The summer months are an active time for families and children. Summer sports and playing outside put children at increased risk for injuries – both small and large. But there are a few ways parents can keep their children safe and on their feet this summer. Because of their active nature, children can be more susceptible to foot and ankle pain from lack of protection and overuse injuries or ailments, including puncture wounds, plantar warts, sunburns and ankle sprains.
Proper footwear is essential to prevent injuries. Flip flops are a key way to prevent puncture wounds from unsuspected sticks and glass hidden in grass or on the beach. And shower shoes or flip flops can also help to prevent plantar warts, which are caused by direct contact with a virus, when children are walking on pool decks and in locker room showers.
“Today you can find a pair of flip flops that provide enough support and protect children’s feet,” said Dr. Ambroziak, “Children shouldn’t be running or playing sports in them but wearing flip flops or shower shoes can help prevent the spread of plantar warts and infections stemming from cuts or punctures.”
Applying sunscreen to feet is another preventive measure to consider during the summer. Many people remember to apply, and reapply, sunscreen to their face and shoulders, but tend to forget about their feet. When children are shoeless or in flip flops at the beach, pool or park, it’s important to be diligent about using sunscreen to prevent sunburns to their feet.
“People don’t notice that their feet are constantly in and out of the water when at the beach or sitting by the pool,” said Dr. Ambroziak, “Your feet are in the sun at all times so it’s important that the reapplication of sunscreen happens to your entire body.”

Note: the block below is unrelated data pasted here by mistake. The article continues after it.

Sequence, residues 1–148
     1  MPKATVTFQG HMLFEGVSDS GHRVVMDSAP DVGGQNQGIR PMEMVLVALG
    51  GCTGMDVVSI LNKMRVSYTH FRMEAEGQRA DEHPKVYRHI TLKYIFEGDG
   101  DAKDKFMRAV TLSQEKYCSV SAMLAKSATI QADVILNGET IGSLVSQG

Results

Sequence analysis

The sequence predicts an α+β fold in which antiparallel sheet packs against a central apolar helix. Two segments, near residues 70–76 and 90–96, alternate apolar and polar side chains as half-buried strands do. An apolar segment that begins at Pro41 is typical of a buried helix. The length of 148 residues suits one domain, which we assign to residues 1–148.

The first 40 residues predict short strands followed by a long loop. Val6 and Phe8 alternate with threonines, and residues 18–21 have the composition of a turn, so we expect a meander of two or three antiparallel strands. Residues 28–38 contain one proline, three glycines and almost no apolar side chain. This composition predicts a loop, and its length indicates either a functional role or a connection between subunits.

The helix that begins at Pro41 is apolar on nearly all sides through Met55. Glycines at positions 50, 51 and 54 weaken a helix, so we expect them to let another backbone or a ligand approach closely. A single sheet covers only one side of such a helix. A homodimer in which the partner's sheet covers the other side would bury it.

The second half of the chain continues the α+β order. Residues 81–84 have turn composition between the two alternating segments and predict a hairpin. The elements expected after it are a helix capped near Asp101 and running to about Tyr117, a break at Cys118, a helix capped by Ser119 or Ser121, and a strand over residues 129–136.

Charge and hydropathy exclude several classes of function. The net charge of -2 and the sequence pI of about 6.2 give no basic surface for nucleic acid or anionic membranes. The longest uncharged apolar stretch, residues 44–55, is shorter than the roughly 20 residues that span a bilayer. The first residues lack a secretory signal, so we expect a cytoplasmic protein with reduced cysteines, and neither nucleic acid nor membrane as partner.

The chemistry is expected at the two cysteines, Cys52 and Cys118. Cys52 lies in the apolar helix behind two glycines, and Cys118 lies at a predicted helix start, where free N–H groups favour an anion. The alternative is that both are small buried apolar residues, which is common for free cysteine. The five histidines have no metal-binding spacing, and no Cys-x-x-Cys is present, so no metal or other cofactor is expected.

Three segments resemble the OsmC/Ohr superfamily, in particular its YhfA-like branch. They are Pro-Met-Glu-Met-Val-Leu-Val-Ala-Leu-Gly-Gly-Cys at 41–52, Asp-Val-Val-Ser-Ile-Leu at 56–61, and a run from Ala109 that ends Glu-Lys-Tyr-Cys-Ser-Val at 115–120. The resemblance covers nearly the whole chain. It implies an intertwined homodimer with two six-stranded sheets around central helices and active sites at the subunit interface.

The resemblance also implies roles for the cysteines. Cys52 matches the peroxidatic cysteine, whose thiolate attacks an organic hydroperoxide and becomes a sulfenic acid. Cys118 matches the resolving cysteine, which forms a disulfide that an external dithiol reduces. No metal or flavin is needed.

Summer sports and running around outside also increase the chance of children spraining their ankle. If children show symptoms of a sprained ankle, including pain, soreness, swelling and difficulty walking, use the RICE treatment method – Rest, Ice, Compression, Elevation – to give the ankle time to heal and prevent injury reoccurrence. Sprains not adequately rehabilitated or repeated sprains can cause chronic ankle instability.
“Children are resilient, and they heal quicker than adults. If parents use proper treatment methods, their children will be back on their feet in a matter of days,” said Dr. Ambroziak, “But if children are still showing discomfort three days after the injury occurs, they can bring them to see a foot and ankle surgeon who can start them on a treatment plan, which may include conservative treatments and physical therapy, to ensure proper healing and avoid further injury.”
For more information on summer safety and to find a foot and ankle surgeon near you, visit the American College of Foot and Ankle Surgeons’ patient education website at FootHealthFacts.org.
The American College of Foot and Ankle Surgeons is a professional society of more than 7,500 foot and ankle surgeons. Founded in 1942, the College’s mission is to promote research and provide continuing education for the foot and ankle surgical specialty, and to educate the general public on foot health and conditions of the foot and ankle through its patient education website, FootHealthFacts.org.
SOURCE American College of Foot and Ankle Surgeons